The Israel Internet Association, Privacy Israel, Law, Technology & Cyber Legal Clinic at University of Haifa Faculty of Law, Israel Democracy Institute, Association for Civil Rights in Israel, and International Human Rights Clinic at the Hebrew University of Jerusalem oppose the digital procedures proposed by the state in the Arrangements Law submitted soon to the Knesset’s approval.
The joint appeal states that the critical issue lies in the amendment to the Digital Communications Law included in the Arrangements Law. The proposed legislation seeks to add the “digital address” (email address and mobile phone number) of Israeli residents aged 16 and over to the personal information already stored in the Population Registry.
I.e., expanding the records to include the entire adult population’s digital details and using these as the default medium for official messages unless people explicitly opt-out. (Authorities would still be allowed to send digital emergency and annual messages.)
The organizations suggest the amendment violates citizens’ freedom to decide how their personal information is used, infringes on their ability to protect their privacy, and risks exposing the data to unauthorized parties.
Moreover, the transition to digital communication as the default method further deepens current social gaps. According to recent data, email usage among Arab and ultra-Orthodox populations is significantly low. The civil society organizations call for the withdrawal of the proposed legislation from the Arrangements Law to facilitate a public parliamentary discussion about the amendment’s implications on the rights to privacy and fair trial and citizens’ cyber protection.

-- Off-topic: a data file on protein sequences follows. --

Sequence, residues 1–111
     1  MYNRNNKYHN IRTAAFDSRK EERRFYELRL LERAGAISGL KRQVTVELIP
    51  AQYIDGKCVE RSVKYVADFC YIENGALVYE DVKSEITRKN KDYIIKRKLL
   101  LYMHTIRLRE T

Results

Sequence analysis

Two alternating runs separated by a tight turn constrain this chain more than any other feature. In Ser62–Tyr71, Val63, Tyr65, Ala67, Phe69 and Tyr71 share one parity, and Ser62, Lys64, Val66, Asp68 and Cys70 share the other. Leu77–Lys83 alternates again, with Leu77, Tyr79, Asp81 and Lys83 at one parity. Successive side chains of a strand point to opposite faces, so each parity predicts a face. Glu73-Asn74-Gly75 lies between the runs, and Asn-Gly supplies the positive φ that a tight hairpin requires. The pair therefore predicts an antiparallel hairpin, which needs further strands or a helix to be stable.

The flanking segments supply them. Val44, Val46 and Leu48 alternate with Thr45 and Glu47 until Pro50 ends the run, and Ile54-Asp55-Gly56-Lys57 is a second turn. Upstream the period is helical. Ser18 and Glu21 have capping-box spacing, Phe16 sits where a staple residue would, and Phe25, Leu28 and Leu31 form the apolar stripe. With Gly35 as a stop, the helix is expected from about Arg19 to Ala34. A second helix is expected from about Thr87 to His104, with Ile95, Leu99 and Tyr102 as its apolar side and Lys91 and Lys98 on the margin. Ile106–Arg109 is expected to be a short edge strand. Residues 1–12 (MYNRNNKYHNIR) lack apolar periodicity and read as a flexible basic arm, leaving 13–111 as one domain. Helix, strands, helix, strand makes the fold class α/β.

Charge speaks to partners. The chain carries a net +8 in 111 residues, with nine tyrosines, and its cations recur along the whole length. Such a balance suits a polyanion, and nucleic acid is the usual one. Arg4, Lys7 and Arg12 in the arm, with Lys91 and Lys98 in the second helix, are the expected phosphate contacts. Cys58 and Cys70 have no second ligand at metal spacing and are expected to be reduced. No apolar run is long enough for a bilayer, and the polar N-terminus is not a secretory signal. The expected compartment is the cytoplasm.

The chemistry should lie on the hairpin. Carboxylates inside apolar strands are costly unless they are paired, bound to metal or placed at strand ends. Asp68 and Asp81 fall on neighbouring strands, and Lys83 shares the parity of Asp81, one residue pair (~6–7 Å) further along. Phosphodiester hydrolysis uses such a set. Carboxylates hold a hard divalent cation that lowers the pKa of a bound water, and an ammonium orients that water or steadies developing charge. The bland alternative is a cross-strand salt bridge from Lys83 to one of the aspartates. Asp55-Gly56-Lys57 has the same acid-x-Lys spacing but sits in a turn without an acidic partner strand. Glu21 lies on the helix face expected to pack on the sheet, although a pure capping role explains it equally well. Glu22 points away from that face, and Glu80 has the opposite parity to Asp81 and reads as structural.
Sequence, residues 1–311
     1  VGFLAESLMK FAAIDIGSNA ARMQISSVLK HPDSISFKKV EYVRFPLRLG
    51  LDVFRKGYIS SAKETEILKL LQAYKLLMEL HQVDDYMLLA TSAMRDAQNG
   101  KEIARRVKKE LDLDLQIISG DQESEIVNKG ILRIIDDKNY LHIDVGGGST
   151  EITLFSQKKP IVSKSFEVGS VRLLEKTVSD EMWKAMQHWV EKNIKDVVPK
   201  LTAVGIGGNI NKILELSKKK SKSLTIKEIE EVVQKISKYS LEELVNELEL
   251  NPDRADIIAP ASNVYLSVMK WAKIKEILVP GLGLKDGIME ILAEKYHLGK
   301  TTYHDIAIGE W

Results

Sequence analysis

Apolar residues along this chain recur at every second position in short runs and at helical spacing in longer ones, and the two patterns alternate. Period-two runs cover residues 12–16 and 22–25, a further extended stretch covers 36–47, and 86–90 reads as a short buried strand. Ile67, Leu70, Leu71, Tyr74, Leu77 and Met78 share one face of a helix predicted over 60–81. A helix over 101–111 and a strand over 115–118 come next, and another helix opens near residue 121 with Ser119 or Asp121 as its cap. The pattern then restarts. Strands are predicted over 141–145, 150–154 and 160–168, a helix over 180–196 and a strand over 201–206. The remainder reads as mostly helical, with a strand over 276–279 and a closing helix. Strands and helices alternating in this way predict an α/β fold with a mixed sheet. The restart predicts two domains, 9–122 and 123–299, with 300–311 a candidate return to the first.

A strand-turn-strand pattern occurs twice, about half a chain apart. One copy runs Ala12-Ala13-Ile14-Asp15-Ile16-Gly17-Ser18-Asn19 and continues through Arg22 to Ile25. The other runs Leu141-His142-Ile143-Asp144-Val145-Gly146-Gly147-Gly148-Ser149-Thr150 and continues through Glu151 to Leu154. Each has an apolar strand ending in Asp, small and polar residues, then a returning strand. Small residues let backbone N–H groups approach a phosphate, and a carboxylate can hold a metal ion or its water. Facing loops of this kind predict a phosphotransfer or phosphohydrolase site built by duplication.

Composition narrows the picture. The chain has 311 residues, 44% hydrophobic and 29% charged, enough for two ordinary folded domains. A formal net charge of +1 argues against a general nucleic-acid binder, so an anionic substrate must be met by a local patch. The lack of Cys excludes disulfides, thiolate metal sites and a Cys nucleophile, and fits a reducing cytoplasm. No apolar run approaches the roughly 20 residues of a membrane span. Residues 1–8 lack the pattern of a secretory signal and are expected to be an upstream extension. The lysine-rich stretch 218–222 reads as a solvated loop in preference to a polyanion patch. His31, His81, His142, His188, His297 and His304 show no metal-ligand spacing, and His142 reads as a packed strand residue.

The letter notes that the draft mentions other issues affecting public privacy and cyber protection, including implementing commercial location monitoring technologies in public transportation and broad adoption of digital wallets and payment methods. Although these initiatives require statutory procedures ensuring the public’s privacy and cyber security, the draft of the Arrangements Law fails to address these issues.
Since no particular urgency or economic necessity justifies the immediate implementation of such complex technological arrangements, the civil society organizations call on elected officials to refrain from advancing them in the Arrangements Law without an exhaustive public parliamentary discussion.
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